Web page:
INTERVIEW: A Conversation with artist, Aza Shade!

Who is Aza Shade? Well, she’s probably best known as the lead singer in experimental punk/no wave band, Manflu (look them up and listen; they’re pretty, fucking good On top of that she models, photographs, makes films, paints and still finds time to do stuff like go out and live and eat, which I think is reason enough to interview someone. She’ll also be showing her work at this year’s Venice Biennale - a big deal art fair, 1st June-24th November 2013 - and most likely figuring out how to make the ultimate masterpiece, cult film of her yeh, if you don’t know, get to know! Here goes the interview...  

Have you always considered yourself to be an artist?

Not really. When I was a kid I thought that artists were the poorest and I didn’t wanna be poor because I wanted to buy my mum a house and all that. So I dreamed to be an actress. But then I thought, “Fuck that dumb Hollywood, I’d rather paint some nude bitches.”



Why do you create art? What purpose does it serve for you?

It’s purely self indulgent at this point. I need to take the meaning a bit further but I’m not concentrating enough. Meanwhile I just do what I enjoy doing and have fun with it.


Is there such a thing as ‘good art’ and ‘bad art’ or do you feel it’s more subjective?

It’s different for everyone. For me bad art is the art that makes me go, “Meh.” But that’s just what I think; some other people might think it’s genius coz it’s tingling their balls. So yeah I’d say there’s no such thing. Even shit art can be quite interesting too, actually.


You grew up in Uzbekistan and Kyrgyzstan and now live in London. How do these places compare?

They don’t compare, it’s a totally different universe.



Did your family encourage you to be creative? Were/are there any people in your life who have a strong influence on the art you make?

My mum used to paint, make clothes and all that. Whenever I had a drawing class I’d be bored coz we were drawing still life, like apples and drapery, you know…really boring stuff. And she used to finish that up for me and say, “It might be boring, but you see I finished it for you and now it’s my painting and I’m the owner and the creator of this, it’s not yours. So go and paint and finish it.” And when I did that I kinda had a good feeling of holding something that is my art, my complete vision, even if it’s a fucking apple on drapery. So that was quite encouraging, I thought.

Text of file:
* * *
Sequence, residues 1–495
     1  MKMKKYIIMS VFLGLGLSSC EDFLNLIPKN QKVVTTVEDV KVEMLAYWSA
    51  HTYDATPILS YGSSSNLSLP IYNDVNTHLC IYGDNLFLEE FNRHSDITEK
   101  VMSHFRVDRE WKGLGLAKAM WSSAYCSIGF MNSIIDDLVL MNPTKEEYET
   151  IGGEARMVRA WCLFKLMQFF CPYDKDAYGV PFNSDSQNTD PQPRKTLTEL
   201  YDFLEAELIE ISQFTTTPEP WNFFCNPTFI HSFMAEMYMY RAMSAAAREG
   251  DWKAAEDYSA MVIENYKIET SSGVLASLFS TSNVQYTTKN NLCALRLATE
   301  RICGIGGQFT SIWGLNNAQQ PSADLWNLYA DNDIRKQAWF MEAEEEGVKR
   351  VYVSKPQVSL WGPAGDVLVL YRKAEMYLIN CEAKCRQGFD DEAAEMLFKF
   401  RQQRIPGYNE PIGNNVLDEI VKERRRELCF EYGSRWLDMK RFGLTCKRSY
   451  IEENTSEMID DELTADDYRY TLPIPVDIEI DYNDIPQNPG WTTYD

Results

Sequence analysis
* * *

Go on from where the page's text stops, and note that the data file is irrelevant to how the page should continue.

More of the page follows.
You explore a range of mediums through your work.  Which are you drawn to more? Why do you think that is?

Definitely video; I love moving image. Photography is beautiful too but I think video is more challenging. It’s tricky to be less obvious and it’s much more emotional.


Your work, in whichever discipline, always seems to have a modern, experimental and often sexual edge to it. Is that something you consciously aim for or does it just happen by chance?

It happens by chance. I just like taking awkward photos where there’s nudity involved. I like when pictures look wrong and unexpected.



Is there anything you hate about the process of making art?

Yes, not making any money! Ahahaha. But fuck it, I’d say the time will come. Meanwhile I have to shoot fashion stories to make some cash, which is easy but sometimes boring.


Do you ever struggle to come up with ideas? Do you ever doubt your ability as an artist?

Never, I don’t struggle - no! Oh yeah, I doubt it every night. I still don’t think I’m quite an artist. Art is my hobby. It’s not yet completely in my brain; I don’t live by art, I don’t think art. So I guess it’s an O.K time to doubt. But hopefully one day I’ll wake up and live by it and it will take me further.


From 'Books and Bath' series


What work will you be showing at the 55th Venice Biennale? Why did you submit that particular piece/s?

It’s a 2 min film I did with my mate Edward Goh. It’s called ‘The Disappearing City.’ I submitted it because the theme was really close to the concept of the exhibition - and I was right - I’m really happy to represent and be one of the 6 chosen artists. I’ll upload this film to my website in July (


Are there any current artists you rate and are inspired by?

Shuji Terayama.


What would be your dream art project?

I want to shoot a masterpiece that will eventually become a cult film. That’s my main dream and future goal!